The influence of loading rate on the mode II interlaminar fracture toughness of composite materials

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Abstract

The effect of varying loading rate on the mode II interlaminar fracture toughness of a range of composite materials has been investigated. A screw-driven universal testing machine and a fully instrumented drop-weight carriage have been used to obtain crosshead speeds in the range 0.01 mm/min to 3 m/s. The results have shown that the value of GIIc for many composites is rate-sensitive, tending to increase with increasing loading rate Damage development in the crack tip region has been investigated by examining the polished edges of a number of test specimens in a scanning electron microscope. It has also been shown that offsetting the center plies by a few degrees in order to reduce fiber bridging results in a greater degree of rate-sensitivity in GIIc. It is believed that the presence of fiber-bridging in standard unidirectional fracture-mechanics samples conceals much of the intrinsic viscoelastic response of the polymeric matrix. Failure mechanisms at the crack tip have been investigated using the Double Edge Notch Flexure specimen. A scanning electron microscope study of this region has shown that the size and nature of this zone is dependent upon the crosshead displacement rate.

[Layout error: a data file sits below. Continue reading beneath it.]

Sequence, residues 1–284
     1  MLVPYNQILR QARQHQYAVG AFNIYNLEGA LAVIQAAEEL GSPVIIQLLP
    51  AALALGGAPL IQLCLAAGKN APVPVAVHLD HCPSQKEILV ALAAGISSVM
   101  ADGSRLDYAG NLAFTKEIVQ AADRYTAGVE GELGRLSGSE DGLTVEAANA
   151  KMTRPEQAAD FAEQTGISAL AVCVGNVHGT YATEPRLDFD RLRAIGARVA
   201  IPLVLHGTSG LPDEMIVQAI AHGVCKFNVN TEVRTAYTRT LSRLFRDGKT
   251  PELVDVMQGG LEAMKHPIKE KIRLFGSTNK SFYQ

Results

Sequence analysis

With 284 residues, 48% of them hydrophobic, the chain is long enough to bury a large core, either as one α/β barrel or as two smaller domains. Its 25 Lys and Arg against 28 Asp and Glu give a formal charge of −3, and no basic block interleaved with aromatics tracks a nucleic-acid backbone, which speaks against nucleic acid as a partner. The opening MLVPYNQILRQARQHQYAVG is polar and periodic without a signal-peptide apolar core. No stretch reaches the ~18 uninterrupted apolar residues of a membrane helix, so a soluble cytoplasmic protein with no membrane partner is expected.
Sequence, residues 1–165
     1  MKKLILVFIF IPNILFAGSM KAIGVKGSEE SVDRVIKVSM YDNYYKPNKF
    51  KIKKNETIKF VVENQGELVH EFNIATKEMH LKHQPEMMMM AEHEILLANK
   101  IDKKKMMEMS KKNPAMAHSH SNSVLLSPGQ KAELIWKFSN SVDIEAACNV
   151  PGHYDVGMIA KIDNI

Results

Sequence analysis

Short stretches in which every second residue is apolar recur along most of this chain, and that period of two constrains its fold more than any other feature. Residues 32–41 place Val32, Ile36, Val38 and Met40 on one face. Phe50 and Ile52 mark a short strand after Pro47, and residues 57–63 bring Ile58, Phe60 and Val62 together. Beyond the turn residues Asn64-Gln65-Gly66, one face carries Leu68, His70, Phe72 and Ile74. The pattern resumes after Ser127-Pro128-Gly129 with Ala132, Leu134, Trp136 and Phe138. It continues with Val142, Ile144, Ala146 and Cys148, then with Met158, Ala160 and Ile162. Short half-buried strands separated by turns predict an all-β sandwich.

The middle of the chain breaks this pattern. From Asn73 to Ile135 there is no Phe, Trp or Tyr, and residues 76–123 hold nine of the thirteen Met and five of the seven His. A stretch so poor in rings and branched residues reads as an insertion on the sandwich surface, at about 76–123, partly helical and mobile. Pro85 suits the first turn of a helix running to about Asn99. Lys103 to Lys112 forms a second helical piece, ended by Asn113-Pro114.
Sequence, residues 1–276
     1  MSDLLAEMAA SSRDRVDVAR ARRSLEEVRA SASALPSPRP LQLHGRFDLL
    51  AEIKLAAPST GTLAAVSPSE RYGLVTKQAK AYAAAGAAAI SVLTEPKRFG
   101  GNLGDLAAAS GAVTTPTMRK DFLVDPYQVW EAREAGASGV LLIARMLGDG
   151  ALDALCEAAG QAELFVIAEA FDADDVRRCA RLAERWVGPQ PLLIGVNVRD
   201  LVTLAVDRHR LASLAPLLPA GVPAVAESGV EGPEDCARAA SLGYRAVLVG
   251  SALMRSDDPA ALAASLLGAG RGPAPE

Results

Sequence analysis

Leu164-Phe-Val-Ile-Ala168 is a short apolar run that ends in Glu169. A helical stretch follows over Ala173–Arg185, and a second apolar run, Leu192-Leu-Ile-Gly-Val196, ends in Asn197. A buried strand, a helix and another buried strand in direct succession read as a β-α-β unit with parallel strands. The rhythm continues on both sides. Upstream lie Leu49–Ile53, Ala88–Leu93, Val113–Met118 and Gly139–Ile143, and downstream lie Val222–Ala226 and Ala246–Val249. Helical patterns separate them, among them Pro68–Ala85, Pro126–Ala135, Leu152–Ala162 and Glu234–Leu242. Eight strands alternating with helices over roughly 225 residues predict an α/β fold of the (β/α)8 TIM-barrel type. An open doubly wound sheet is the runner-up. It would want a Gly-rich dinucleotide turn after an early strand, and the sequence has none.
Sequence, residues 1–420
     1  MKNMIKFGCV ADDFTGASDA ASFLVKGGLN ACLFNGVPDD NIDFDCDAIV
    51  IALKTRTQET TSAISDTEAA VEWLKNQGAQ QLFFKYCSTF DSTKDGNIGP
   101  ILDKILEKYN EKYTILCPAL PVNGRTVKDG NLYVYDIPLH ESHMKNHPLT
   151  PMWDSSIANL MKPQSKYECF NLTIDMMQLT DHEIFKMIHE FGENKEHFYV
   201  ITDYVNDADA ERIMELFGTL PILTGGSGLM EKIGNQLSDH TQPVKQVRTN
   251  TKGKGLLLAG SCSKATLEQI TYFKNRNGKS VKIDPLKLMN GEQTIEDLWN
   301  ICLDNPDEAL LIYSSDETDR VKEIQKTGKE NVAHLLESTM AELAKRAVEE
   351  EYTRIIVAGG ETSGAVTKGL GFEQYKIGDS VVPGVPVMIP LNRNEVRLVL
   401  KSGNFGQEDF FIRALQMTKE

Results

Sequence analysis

Original languageBritish English
Pages (from-to)1364-1380
Number of pages17
JournalJournal of Composite Materials
Volume31
Issue number14
DOIs
StatePublished - 1997

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